Trove: Find and get Australian resources. Books, images, historic newspapers, maps, archives and more.
• • • The history of the Catholic Church begins with the teachings of Jesus Christ (c. AD 30), who lived in the (later formed into the Roman province of by the ). The teaches that it is the continuation of the early established by Jesus Christ, that its bishops are the to, and the, also known as the Pope, is the sole successor to who was appointed by Jesus in the as head of the church and ministered in Rome. By the end of the 2nd century, bishops began congregating in regional to resolve doctrinal and policy issues. By the 3rd century, the bishop of Rome began to act as a court of appeals for problems that other bishops could not resolve. Christianity spread throughout the early Roman Empire, despite persecutions due to conflicts with the pagan state religion. In 313, the struggles of the were lessened by the by the.
In 380, under, Catholicism became the of the Roman Empire by the, which would persist until the fall of the, and later, with the, until the. During this time, the period of the, there were considered five primary sees (jurisdictions within the Catholic Church) according to:,,, and, known as the. The battles of preserved the Catholic west, even though Rome itself was ravaged in 850, and Constantinople besieged. In the, already strained relations between the primarily church in the East, and the church in the West, developed into the, partially due to conflicts over. The, and the sacking of Constantinople by renegade crusaders proved the final breach.
In the, in response to the, the Church engaged in a process of substantial reform and renewal known as the. In subsequent centuries, Catholicism spread widely across the world despite experiencing a reduction in its hold on European populations due to the growth of and also because of during and after the. The in the 1960s introduced the most significant changes to Catholic practices since the four centuries before. Western depiction of the, painted by, 1732 Catholics believe that the Catholic Church was founded.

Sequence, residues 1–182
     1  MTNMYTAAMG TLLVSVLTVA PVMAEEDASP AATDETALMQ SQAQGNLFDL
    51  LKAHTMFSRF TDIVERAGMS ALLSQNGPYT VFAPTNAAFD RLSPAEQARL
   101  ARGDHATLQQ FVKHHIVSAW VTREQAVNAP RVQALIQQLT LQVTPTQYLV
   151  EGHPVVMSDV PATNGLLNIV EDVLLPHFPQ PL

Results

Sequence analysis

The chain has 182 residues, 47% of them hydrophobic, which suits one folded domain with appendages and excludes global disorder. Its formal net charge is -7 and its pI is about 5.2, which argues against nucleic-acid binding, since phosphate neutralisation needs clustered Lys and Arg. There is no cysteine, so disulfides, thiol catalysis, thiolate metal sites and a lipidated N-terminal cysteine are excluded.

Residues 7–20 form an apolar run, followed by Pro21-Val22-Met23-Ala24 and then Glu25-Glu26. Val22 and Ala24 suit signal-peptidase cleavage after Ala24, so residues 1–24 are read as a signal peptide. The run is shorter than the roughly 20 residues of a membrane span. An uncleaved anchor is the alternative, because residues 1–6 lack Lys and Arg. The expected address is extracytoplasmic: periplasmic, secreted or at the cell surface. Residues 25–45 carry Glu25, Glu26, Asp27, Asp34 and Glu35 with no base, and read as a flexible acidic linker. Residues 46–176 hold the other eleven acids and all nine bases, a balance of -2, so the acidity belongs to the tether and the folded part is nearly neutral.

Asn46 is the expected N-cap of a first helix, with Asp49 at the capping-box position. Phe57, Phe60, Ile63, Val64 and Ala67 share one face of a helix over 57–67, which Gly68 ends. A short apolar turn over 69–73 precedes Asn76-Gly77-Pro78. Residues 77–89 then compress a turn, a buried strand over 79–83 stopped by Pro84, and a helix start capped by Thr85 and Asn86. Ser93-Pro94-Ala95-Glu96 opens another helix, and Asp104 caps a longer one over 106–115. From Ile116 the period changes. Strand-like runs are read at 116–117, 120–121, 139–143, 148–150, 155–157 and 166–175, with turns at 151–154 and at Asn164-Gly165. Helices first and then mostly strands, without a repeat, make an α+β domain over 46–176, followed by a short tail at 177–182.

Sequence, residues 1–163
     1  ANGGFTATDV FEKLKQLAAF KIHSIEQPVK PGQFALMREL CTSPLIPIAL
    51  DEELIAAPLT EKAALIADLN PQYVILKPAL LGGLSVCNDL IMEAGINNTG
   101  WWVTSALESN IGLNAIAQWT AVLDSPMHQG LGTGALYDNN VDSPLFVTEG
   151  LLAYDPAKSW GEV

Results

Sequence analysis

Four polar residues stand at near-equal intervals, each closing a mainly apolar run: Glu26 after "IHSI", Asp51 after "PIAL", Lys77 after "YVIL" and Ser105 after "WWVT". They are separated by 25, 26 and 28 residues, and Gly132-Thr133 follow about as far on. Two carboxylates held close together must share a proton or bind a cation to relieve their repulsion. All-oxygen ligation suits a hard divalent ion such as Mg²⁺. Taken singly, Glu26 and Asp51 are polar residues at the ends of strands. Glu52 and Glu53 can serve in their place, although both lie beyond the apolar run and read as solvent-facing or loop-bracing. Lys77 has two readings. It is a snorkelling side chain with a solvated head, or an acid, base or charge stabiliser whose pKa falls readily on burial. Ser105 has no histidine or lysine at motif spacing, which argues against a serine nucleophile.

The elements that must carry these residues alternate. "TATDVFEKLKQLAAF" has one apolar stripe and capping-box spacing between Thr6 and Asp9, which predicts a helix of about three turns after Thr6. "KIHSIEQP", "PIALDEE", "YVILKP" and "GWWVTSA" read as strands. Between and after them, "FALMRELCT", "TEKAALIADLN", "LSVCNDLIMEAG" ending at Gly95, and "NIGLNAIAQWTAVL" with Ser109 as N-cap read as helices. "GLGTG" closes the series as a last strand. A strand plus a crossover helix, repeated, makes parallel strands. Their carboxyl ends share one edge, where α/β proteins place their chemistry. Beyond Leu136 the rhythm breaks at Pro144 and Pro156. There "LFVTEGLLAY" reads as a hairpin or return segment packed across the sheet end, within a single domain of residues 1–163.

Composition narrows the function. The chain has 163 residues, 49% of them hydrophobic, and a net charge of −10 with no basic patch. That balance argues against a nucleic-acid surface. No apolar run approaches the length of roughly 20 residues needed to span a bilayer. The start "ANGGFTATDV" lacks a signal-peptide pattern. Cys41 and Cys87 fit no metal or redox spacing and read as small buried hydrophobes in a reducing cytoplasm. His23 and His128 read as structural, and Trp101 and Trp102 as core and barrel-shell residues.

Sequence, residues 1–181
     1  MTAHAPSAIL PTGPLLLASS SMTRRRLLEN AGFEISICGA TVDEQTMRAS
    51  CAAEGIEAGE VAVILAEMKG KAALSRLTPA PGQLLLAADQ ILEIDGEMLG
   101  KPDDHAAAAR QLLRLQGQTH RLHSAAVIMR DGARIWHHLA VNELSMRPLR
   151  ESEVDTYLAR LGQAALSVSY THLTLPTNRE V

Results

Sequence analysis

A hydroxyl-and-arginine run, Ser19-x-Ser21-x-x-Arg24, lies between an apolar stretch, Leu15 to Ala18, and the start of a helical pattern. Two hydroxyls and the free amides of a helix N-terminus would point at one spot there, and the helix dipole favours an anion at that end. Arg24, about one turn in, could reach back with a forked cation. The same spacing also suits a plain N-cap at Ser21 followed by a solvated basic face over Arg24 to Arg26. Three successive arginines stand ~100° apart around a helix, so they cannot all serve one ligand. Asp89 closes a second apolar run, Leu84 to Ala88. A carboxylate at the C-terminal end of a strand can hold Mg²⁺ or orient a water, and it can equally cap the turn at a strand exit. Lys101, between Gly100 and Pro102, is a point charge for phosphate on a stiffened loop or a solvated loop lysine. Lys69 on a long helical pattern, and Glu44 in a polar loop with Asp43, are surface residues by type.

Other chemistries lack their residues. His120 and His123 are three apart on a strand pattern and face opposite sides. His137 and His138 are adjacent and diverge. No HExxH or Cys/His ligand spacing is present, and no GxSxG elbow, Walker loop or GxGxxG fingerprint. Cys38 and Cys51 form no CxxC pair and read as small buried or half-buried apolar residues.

The records Jesus' activities and teaching, his appointment of the, and. The Catholic Church teaches that the coming of the upon the apostles, in an event known as, signaled the beginning of the public ministry of the Church. Catholics hold that Saint Peter was Rome's first bishop and the consecrator of as its next bishop, thus starting the unbroken line which includes the current pontiff,.
That is, the Catholic Church considers the Bishop of Rome, the Pope, to be the successor to Saint Peter. In the account of the found in the, Christ designates Peter as the 'rock' upon which Christ's church will be built. While some scholars do state Peter was the first Bishop of Rome, others say that the institution of the papacy is not dependent on the idea that Peter was Bishop of Rome or even on his ever having been in Rome.
Many scholars hold that a church structure of plural presbyters/bishops persisted in Rome until the mid-2nd century, when the structure of a single bishop and plural presbyters was adopted, and that later writers retrospectively applied the term 'bishop of Rome' to the most prominent members of the clergy in the earlier period and also to Peter himself. On this basis, and question whether there was a formal link between Peter and the modern papacy, and says that, while it is anachronistic to speak of Peter in terms of local bishop of Rome, Christians of that period would have looked on Peter as having 'roles that would contribute in an essential way to the development of the role of the papacy in the subsequent church'. These roles, Brown says, 'contributed enormously to seeing the bishop of Rome, the bishop of the city where Peter died, and where Paul witnessed to the truth of Christ, as the successor of Peter in care for the church universal'. Early organization [ ] Conditions in the Roman Empire facilitated the spread of new ideas.